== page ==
Xmas trees can make your nose red, too
Fifty years ago, “Rudolph the Red-Nosed Reindeer” piloted his shiny schnoz through America’s televisions and into its hearts. Played every year, the show’s songs and story are as synonymous with Christmas as tinsel, candy canes and tipsy co-workers lurking around the mistletoe.
What we don’t know after all these decades is what exactly made the nose glow in the first place. Perhaps because the debut occurred in the era when every mother’s child was spying for mushroom clouds, the brilliant hue was a metaphor for society’s needless fear of nuclear holocaust.
More likely, Rudolf was allergic to the live Christmas trees set up like green lawn jarts in the homes of the other inhabitants of the North Pole. Sneezing, itching, and coughing — even asthma attacks — are known as consequences of having a conifer in closed quarters.
According to busseyenv.com:
Live Christmas trees can carry pathogenic mold spores that proliferate rapidly in the cozy warmth of your living room. One study showed that indoor mold counts went from 800 to 5,000 spores per cubic meter by the fourteenth day a Christmas tree had been kept indoors. In terms of indoor air quality, this amounts to an explosion of mold growth — especially when you consider that the average healthy home tests at 600 mold spores per cubic meter.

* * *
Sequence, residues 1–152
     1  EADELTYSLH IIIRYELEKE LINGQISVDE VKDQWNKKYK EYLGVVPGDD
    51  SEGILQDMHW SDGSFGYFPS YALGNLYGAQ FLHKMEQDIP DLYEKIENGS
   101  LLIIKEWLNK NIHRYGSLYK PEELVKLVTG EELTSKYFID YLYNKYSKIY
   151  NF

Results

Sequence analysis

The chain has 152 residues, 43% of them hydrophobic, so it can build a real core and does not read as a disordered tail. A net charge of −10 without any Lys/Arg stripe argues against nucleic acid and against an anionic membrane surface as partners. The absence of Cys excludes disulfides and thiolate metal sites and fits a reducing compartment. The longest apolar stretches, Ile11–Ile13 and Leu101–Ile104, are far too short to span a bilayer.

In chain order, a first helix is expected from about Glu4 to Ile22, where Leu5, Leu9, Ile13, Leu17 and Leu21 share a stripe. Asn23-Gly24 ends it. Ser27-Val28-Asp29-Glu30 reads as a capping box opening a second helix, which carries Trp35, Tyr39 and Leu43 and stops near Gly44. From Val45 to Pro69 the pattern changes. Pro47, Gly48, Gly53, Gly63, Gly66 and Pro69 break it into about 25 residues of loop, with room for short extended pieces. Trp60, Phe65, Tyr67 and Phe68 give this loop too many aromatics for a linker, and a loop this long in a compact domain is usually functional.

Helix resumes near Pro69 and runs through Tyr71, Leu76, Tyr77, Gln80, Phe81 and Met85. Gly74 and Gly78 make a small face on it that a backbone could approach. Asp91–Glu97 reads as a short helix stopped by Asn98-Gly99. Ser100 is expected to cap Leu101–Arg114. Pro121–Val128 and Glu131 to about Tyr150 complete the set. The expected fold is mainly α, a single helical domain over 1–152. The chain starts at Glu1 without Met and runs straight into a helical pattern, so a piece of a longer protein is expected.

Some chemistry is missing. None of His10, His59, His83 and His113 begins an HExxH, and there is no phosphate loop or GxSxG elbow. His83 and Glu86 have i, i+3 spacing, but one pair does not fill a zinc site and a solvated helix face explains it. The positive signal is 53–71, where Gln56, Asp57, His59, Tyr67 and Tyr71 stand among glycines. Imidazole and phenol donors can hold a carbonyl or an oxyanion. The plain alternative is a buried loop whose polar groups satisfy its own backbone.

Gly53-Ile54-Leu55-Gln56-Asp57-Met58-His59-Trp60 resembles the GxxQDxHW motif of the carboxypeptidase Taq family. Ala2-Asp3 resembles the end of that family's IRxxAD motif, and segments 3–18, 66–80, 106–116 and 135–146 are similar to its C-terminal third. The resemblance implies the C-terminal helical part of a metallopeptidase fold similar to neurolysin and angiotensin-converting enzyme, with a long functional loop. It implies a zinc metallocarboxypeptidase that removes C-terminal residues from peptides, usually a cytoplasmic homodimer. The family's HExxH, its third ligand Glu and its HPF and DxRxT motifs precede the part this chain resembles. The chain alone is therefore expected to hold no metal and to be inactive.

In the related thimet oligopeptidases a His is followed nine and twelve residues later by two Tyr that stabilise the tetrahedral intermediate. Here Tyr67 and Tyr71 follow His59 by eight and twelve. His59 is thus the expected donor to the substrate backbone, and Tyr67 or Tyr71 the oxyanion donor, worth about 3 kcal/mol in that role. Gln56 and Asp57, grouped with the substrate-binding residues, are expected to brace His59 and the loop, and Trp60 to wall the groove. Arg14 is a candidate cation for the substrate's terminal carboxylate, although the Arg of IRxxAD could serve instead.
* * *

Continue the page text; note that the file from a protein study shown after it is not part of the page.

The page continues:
Another study analyzed the needles and bark of 28 Christmas trees for the presence of mold and found 53 species on 70% of the trees.
The author had his own close encounter with the effects with his 2-year-old showed signs of an asthma attack. The boy was diagnosed with an allergy to the trees mold spores, and his symptoms disappeared almost instantly.
From a 2007 WebMD article:
Twelve times during a two week period, researchers measured mold counts in a room containing a live Christmas tree, beginning when the tree was brought inside and decorated. The tree was located 10 feet from a heat vent, and the indoor temperature was maintained at between 65 and 68 F.
For the first three days, counts remained at 800 spores per cubic meter of air, then began escalating, rising to a maximum of 5,000 spores per cubic meter by day 14, when the tree was taken down.
Up to 15 percent of the population can be allergic to Christmas tree mold.
But before you deprive the family of the expense, dropped needles and significant recycling problems that come with a live tree, don’t assume that everything is more nice than naughty with artificial one. Notwithstanding whatever their chemical composition, they are massive dust magnets, and during dismantling or assemblage, they can mist the air with allergens.
Ah, Christmas trees. The gift that keeps on giving.
Topics: Indoor Air Quality
Ken Nelson Ken Nelson is the Northwest Regional Sales Manager for the Panasonic Eco Products Division, specializing in ventilation solutions for residential and multi-family living environments. Over the past four years, Ken has spoken throughout the Northwest, teaching and training builders, building science advocates and professionals on the physics of moisture and air movement in homes of all sizes, types and age.